One is certainly hard-pressed to think of another true “bad girl” representative so closely identifiable with film noir than hard-looking blonde actress Audrey Totter. While she remained a “B”-tier actress for most her career, she was an “A” quality actress and one of filmdom’s most intriguing ladies. She always managed to set herself apart even in the most standard of programming.
Born to an Austrian father and Swedish mother on December 20, 1917, in Joliet, Illinois, she treaded lightly on stage (“The Copperhead,” “My Sister Eileen”) and initially earned notice on the Chicago and New York radio airwaves in the late 1930s before “going Hollywood.” MGM developed an interest in her and put her on its payroll in 1944. Still appearing on radio (including the sitcom “Meet Millie”), she made her film bow as, of course, a “bad girl” in Main Street After Dark (1945). That same year the studio usurped her vocal talents to torment poor Phyllis Thaxter in Bewitched (1945). Her voice was prominent again as an unseen phone operator in Ziegfeld Follies (1945). Audrey played one of her rare pure-heart roles in The Cockeyed Miracle (1946). At this point she began to establish herself in the exciting “film noir” market.
Among the certified classics she participated in were The Postman Always Rings Twice (1946) in which she had a small role as John Garfield’s blonde floozie pick-up. Things brightened up considerably with Lady in the Lake (1946) co-starring Robert Montgomery as detective Philip Marlowe. The film was not well received and is now better remembered for its interesting subjective camera technique. Audrey’s first hit as a femme fatale co-star came on loanout to Warner Bros. In The Unsuspected (1947), she cemented her dubious reputation in “B” noir as a trampy, gold-digging niece married to alcoholic Hurd Hatfield. She then went on a truly enviable roll with High Wall (1947), as a psychiatrist to patient Robert Taylor, The Saxon Charm (1948) with Montgomery (again) and Susan Hayward, Alias Nick Beal (1949) as a loosely-moraled “Girl Friday” to Ray Milland, the boxing film The Set-Up (1949) as the beleaguered wife of washed-up boxer Robert Ryan, Any Number Can Play (1949) with Clark Gable and as a two-timing spouse in Tension (1949) with Richard Basehart.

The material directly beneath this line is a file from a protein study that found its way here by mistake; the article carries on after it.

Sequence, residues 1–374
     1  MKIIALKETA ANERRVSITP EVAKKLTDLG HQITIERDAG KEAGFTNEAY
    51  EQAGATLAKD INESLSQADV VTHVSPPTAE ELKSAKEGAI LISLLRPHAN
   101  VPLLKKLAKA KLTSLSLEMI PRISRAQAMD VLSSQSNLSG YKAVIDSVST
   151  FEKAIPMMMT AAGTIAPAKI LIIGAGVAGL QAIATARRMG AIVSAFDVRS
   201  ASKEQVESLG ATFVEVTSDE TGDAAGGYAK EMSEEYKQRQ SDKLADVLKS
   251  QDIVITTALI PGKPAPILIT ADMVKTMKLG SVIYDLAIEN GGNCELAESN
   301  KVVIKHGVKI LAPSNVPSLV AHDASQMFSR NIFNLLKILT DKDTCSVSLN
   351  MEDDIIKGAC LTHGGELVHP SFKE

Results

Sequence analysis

Although the studio groomed Audrey to become a top star, it was not to be. Perhaps because she was too good at being bad. The 1950s film scene softened considerably and MGM began focusing on family-styled comedy and drama. Audrey’s tough-talking dames were no longer a commodity and MGM soon dropped her in 1951. She signed for a time with Columbia Pictures and 20th Century Fox as well but her era had come and gone. Film offers began to evaporate. At around this time she married Leo Fred, a doctor, and instead began focusing on marriage and family.
TV gave her career a slight boost in the 1960s and 1970s, including regular roles in Cimarron City (1958) and Our Man Higgins (1962) as a suburban mom opposite Stanley Holloway’s British butler. After a period of semi-retirement, she came back to TV to replace Jayne Meadows in the popular television series Medical Center (1969) starring Chad Everett and James Daly. She played Nurse Wilcox, a recurring role, for four seasons (1972-1976). The 70-year-old Totter retired after a 1987 guest role on “Murder, She Wrote.” Her husband died in 1996. On December 12, 2013, Audrey Totter died at age 95 in West Hills, California.
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